• 41. PHILOSOPHICAL FOUNDATIONS OF THE GODDESS Three Gunas 1. Sattva (goodness, purity, harmony, centering), 2. Rajas (activity, energy, motion, passion) 3. Tamas (dullness, inertia, going out of balance) When Prakriti is activated, unfolding of creation takes place. The diverse forms of Samsara are manifestations of Prakriti.
  • 42. Once the gunas cease to be effective, Prakriti returns to its original state of equilibrium. And Purusha and Prakriti are once again separate from each other, like the lotus flower withdrawn from the mud.
  • 43. Example of a placid lake
  • 44. Purusha and Prakriti Prurusha=Self/spirit/consciousness Perceiver, Seer, Unmanifest Prakriti=Matter/Nature/manifest reality Perceived, Seen Manifest or material world is not unreal Hence Parakrit is false What is real is Purusha
  • 45. Samkhya: Reasoning for Dualism Samkhya literally means “enumeration.” By analyzing and classifying, things can be discriminated from each other, and finally they can be enumerated, identified and qualified.
  • 46. Purusha is eternal, unchanging, inactive, conscious & ontologically identical w/ultimate truth. Prakriti is distinct from Purusha, it’s eternal as Purusha, but is eternally changing, active and unconscious. Prakriti is characterized by three gunas (qualities): sattva (goodness, purity, harmony, centering), rajas (activity, energy, motion, passion), and tamas (dullness, inertia, going out of balance)
  • 47. Prakriti is a cause of all things that are felt by the five senses. The original source of the world of experience is closely related to the concept of nature. In samkhya the effect is logically linked with the cause. Hence the nature of causality and a particular cause is an inherent feature of the material world.
  • 48. Prakriti is female/earth, material or tangible aspect of Purusha (the unseen being, Atman). Purusha is male/sky, spiritual or intangible aspect of the being. In Samkhya, Purusha and Prakriti are equal, but independent in their roles. They complement each other and work in harmony like the Yin and Yang, Shiva and Parvati. Evidence of teleological structure in Nature.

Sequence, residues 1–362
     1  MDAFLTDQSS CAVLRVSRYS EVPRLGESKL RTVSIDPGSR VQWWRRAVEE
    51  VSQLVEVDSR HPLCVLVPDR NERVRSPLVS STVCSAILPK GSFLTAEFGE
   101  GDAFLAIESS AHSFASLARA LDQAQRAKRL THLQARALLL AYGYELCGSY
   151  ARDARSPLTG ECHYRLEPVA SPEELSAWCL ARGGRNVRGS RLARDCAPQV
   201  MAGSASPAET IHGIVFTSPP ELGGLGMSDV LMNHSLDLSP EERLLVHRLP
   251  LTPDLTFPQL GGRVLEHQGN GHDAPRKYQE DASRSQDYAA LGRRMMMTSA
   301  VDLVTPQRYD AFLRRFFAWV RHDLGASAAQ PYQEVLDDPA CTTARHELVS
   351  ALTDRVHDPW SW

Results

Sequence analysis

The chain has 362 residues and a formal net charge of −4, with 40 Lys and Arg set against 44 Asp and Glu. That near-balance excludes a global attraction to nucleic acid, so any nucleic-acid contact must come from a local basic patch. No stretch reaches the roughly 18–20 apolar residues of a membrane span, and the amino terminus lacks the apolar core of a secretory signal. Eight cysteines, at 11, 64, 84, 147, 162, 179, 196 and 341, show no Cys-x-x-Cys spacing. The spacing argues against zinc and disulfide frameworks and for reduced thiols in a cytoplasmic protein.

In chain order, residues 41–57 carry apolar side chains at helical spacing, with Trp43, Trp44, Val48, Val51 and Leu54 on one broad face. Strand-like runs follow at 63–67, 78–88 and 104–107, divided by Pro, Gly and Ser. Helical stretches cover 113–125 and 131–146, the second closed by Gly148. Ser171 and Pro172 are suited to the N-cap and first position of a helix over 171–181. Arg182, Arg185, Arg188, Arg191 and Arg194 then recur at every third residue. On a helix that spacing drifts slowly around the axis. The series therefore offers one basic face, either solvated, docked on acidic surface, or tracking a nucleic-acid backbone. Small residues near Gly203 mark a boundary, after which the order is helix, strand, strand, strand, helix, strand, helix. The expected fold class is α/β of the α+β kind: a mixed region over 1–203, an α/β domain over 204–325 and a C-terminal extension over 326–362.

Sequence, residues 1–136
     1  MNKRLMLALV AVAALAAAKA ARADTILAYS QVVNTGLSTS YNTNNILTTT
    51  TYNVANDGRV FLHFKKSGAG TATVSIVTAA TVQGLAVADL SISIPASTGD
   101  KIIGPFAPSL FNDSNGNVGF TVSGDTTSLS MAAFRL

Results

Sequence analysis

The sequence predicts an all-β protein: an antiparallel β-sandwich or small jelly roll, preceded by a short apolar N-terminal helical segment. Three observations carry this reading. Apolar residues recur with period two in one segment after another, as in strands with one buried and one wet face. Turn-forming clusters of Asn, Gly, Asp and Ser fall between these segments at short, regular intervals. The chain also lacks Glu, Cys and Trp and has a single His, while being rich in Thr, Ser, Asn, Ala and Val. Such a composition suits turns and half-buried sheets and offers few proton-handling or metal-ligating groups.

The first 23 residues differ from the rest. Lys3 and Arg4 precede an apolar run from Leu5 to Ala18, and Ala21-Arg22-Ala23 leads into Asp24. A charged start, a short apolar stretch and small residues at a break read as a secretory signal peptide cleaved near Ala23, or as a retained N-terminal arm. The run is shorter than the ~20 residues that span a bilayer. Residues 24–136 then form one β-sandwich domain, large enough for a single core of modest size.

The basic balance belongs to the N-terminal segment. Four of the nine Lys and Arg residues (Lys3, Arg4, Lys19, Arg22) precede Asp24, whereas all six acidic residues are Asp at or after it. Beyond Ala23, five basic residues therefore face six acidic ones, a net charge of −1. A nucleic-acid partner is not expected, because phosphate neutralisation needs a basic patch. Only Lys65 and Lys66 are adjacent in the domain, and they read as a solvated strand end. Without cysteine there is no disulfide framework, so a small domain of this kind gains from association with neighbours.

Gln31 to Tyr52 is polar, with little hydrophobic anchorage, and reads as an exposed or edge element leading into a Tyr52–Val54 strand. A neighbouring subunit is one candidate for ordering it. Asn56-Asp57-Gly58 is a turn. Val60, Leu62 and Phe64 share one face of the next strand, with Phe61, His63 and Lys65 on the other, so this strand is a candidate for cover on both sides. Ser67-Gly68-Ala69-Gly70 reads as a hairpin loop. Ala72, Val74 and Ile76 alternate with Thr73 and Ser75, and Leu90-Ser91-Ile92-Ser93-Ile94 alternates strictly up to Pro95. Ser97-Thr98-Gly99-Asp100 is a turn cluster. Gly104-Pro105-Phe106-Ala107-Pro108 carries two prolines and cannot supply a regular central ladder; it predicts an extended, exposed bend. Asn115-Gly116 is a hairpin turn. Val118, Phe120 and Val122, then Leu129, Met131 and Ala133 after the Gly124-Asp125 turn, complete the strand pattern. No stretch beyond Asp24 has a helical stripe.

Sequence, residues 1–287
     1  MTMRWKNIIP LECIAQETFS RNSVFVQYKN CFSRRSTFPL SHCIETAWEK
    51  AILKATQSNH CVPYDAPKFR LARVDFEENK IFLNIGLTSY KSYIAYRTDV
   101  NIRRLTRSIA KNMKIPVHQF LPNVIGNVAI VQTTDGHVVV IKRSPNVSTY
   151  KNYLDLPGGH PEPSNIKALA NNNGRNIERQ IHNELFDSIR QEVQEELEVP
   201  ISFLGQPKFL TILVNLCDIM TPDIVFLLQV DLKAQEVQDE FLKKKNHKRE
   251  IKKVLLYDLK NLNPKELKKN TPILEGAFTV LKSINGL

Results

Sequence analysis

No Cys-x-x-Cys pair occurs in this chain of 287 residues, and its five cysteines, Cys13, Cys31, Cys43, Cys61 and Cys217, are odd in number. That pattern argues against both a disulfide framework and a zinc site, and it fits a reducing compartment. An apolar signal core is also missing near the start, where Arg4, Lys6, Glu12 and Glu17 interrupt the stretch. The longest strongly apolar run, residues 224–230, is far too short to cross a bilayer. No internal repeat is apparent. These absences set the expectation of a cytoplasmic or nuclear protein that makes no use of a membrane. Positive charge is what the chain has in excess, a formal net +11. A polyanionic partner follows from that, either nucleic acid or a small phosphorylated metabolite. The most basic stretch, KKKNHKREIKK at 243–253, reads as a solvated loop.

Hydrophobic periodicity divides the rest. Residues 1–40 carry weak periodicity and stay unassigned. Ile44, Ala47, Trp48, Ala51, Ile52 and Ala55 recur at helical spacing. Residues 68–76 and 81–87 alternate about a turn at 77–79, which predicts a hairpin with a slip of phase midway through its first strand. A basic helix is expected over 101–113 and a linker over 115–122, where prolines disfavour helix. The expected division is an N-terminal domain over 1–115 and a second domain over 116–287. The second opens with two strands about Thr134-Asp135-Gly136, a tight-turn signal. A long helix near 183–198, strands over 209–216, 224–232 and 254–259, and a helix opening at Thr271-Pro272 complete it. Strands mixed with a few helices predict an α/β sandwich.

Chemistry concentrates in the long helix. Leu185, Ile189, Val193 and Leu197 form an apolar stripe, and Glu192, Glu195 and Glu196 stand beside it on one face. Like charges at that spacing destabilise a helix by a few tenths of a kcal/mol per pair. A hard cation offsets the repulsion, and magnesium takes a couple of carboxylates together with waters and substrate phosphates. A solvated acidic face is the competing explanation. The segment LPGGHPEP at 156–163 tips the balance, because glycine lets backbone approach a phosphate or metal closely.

• 49. Some instinct of Purusha directing in the design of Nature, the way in which the things are arranged as in teleology. Prakriti playing part in the phenomenon of nature of material cause Purusha without Prakriti is inactive while Prakriti without Purusha is undirected Without Purusha there is no soteriological release from the material body, i.e. Prakriti
  • 50. They have to work together to be able to operate in the world, and neither could be the source of the other.
  • 51. SAMSARA & KARMA(N) Vedic concept of heaven. This is where gods live. In the Upanishad, heaven isn’t the goal. Liberation, mokshya is. Liberation from birth and rebirth (samsara) The wheel of life Transmigration—84k life cycles
  • 52. Maha Yugas The smallest cycle. A maha yuga is 4,320,000 human years. Each maha yuga is subdivided into the following four ages: Satya Yuga (also called Krita Yuga) This first age is 1,728,000 human years. Also known as the Golden Age or age of Truth. The qualities of this age are: virtue reigns supreme; human stature is 21 cubits; lifespan is a lakh of years, and death occurs only when willed. Treta Yuga This second age is 1,296,000 human years. Also known as the Silver Age. The qualities of this age are: the climate is three quarters virtue and one quarter sin; human stature is 14 cubits; lifespan is 10,000 years. Dvapara Yuga This third age is 864,000 human years. Also known as the Bronze Age. The qualities of this age are: the climate is one half virtue and one half sin; lifespan is 1,000 years. Kali Yuga The fourth and last age is 432,000 human years. Also known as the Iron Age. This is the age in which we are presently living. The qualities of this age are: the climate is one quarter virtue and three quarters sin; human stature is 3.5 cubits; lifespan is 100 or 120 years.
  • 53. CONCEPT OF TIME IN HINDUISM Hinduism is the only religion that postulates the idea of life-cycles of the universe. It suggests that the universe undergoes an infinite number of deaths and rebirths. Four time cycles: Satya (Krita), Treta, Dwapara, Kali